Mr Wilfred Joseph NORRIS
Eugowra NSW 2806
For service to heritage preservation.
Mr John Charles TAYLOR
Myrtleford Vic 3737
For service to the community of Myrtleford
[service includes: Myrtleford and District Historical Society (President since 2005)]
Mrs Roslyn Gwenyth TOWNSEND
Armidale NSW 2350
For service to the community of Armidale
[service includes: Armidale Family History Group, Armidale and District Historical Society]
Mr Joseph Noel TUNNY
Toowong Qld 4066
For service to military aviation history.


Bowral NSW 2576
For service to the preservation of heritage gardens. 

*The details of 23 individuals with service relating to history or historic heritage have been extracted from the list of Australia Day 2018 honourees announced by the Governor-General. Text enclosed by square brackets has been added by the FAHS to some of the entries where the history or historic heritage connection is not obvious in the original brief summaries. Any such additional text is based on the Biographical Notes published at the same time as the basic list.
Recognition of LGBTIQA* People in Australian History, RAHS
RAHS makes resolution to support organisations with a focus on LGBTIQA history in New South Wales or Australia.

Image from Absolutely Mardi Gras: Costume and Design of the Sydney Gay & Lesbian Mardi Gras by Robert Swieca, Judith O’Callaghan and Glynis Jones, p.8, 1997 (RAHS book collection)
The RAHS Council recently acknowledged the historical significance of the results of the Same Sex Marriage Postal Survey, announced on 15 November 2017, in which 61.6% of Australians supported a change in the Marriage Act 1961 to allow two people of the same sex to marry. On 7 December the House of Representatives passed the same-sex marriage bill – constituting a milestone event in accepting LGBTIQA people as both part of our diverse community and history.

Bearing in mind the RAHS’ main objective of encouraging the study of Australian history in all its aspects, the RAHS Council made the following resolution at its November meeting: That the RAHS: encourage and welcome applications for affiliation with the Royal Australian Historical Society from associations whose objectives have some focus on aspects of LGBTIQA history in New South Wales or Australia, and supports affiliated societies who decide to explore and include the histories of LGBTIQA people within their local area or area of special interest.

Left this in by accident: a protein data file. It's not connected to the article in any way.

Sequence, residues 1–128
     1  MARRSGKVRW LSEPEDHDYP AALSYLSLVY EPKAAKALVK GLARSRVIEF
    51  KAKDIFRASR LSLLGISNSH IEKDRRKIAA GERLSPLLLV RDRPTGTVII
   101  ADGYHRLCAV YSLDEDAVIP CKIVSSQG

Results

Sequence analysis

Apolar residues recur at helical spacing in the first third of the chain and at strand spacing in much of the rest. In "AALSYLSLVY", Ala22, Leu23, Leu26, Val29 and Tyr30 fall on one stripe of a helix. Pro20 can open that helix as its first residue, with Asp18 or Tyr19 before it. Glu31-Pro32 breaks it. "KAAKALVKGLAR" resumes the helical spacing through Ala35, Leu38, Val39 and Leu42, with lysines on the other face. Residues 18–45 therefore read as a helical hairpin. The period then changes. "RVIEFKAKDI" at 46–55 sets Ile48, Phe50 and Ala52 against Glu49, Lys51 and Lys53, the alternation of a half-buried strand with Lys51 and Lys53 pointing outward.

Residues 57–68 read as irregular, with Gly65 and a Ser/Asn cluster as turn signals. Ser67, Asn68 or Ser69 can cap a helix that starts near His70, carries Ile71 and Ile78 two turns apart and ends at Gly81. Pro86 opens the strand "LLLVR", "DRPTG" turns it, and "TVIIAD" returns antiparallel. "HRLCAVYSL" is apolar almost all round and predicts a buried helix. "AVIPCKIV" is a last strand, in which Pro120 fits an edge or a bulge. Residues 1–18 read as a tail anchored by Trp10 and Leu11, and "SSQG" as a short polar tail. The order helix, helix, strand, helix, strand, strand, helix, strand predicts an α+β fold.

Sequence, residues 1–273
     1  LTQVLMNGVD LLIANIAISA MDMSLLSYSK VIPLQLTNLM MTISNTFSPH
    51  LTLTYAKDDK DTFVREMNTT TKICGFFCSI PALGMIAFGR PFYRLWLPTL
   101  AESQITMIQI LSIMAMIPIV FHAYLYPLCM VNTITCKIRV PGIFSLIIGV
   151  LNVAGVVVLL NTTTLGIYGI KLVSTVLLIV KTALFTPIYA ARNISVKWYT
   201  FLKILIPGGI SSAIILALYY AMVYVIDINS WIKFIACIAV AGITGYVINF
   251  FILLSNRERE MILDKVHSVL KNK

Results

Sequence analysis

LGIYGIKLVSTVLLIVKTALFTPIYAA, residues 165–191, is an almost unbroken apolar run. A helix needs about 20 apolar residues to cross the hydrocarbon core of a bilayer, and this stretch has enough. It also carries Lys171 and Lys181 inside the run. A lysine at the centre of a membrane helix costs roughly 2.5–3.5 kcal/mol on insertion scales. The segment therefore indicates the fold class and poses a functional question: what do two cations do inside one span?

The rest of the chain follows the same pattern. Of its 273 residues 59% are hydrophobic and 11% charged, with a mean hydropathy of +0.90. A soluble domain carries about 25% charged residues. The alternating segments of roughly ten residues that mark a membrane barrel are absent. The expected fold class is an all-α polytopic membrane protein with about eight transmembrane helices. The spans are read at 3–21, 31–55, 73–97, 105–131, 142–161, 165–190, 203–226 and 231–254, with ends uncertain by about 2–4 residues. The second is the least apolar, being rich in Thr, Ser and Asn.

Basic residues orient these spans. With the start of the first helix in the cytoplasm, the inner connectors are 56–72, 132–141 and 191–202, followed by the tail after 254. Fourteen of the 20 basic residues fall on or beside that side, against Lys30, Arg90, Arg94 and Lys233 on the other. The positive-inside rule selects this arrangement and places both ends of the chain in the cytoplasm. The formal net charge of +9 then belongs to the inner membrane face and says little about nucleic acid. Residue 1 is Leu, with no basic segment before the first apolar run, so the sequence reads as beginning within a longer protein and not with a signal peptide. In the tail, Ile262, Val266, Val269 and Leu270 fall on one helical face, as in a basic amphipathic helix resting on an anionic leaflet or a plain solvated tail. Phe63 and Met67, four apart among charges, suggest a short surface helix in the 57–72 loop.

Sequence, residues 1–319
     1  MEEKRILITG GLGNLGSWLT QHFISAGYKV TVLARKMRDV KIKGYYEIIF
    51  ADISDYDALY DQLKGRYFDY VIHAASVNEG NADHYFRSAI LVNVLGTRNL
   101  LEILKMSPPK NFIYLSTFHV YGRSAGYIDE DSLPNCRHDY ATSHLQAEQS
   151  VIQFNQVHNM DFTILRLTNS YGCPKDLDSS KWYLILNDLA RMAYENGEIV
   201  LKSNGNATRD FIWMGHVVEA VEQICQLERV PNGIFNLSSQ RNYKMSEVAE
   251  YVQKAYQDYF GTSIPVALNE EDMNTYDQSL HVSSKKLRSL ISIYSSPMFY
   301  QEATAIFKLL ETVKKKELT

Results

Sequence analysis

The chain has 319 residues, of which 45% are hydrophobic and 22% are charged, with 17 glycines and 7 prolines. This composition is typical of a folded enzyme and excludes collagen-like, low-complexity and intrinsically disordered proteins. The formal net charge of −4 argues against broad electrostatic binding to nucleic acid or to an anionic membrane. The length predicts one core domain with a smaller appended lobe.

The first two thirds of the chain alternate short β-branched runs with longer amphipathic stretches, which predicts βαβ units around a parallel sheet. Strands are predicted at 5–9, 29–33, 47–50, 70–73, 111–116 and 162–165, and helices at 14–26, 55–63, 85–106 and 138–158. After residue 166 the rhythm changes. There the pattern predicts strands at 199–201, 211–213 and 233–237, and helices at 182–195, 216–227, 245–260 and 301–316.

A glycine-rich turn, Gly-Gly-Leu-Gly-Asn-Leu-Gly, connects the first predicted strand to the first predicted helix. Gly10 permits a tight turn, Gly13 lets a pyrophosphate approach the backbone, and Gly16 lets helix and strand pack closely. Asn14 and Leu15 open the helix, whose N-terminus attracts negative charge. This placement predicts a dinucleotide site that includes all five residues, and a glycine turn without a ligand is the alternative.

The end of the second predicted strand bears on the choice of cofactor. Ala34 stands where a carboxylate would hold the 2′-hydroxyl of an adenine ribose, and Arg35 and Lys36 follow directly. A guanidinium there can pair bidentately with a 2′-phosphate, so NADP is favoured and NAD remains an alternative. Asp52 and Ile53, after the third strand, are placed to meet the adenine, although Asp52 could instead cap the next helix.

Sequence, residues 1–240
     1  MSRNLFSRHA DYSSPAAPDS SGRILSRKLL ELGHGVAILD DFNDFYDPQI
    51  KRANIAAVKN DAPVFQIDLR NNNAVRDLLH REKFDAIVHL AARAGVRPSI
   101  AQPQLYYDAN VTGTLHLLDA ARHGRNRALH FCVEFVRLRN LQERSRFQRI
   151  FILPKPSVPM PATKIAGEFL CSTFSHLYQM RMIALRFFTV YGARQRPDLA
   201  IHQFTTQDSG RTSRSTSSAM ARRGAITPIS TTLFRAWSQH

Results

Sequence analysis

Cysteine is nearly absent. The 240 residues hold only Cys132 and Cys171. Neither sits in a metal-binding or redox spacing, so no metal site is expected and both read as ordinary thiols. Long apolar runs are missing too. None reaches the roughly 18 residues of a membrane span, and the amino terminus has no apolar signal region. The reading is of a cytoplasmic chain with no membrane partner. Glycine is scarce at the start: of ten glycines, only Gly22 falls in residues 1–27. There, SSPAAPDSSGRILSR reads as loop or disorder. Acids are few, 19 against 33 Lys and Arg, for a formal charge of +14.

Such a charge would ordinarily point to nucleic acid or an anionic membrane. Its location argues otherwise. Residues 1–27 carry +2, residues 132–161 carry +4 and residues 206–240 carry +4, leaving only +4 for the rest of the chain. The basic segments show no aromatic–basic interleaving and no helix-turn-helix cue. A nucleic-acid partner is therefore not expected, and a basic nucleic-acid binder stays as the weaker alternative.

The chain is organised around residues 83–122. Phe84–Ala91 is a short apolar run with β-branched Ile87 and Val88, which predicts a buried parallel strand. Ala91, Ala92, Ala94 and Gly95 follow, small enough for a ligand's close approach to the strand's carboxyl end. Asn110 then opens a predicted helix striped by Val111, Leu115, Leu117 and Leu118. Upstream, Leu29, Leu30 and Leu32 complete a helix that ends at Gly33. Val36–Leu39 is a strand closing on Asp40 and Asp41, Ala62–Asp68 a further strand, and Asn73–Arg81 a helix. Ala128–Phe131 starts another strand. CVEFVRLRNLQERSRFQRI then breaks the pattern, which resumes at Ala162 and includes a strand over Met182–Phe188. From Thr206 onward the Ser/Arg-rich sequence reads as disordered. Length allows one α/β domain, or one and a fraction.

Councillors engaged in a lively and far-reaching discussion, including the importance of history in sustaining communities and groups, the role of historical societies in bringing people together around shared interests, the need to be inclusive and representative of all people in studying Australian and local history, the histories of marriage as a civil and religious institution, and the historical significance of so many people participating in a voluntary vote about accepting a group within the broader community.

It was noted that LGBTIQA history has been studied in Australia over the past 20-30 years, but that this has yet to extend to being an integral party of local histories.  Mover of the motion, RAHS Councillor Dr Bruce Baskerville, said he looked forward to the day when local histories included a chapter on local gay history, and a time when that would only be remarkable if such a chapter was absent.

The RAHS has always made space for a diverse range of historical interests.  The RAHS has long been supportive of studying Australian history in all its many forms, and looks forward to welcoming more LGBTIQA history groups into our ‘broad church’.

(*LGBTIQA means Lesbian, Gay, Bisexual, Transgender, Intersex, Queer (or those questioning their gender identity or sexual orientation), and Asexual or Allies).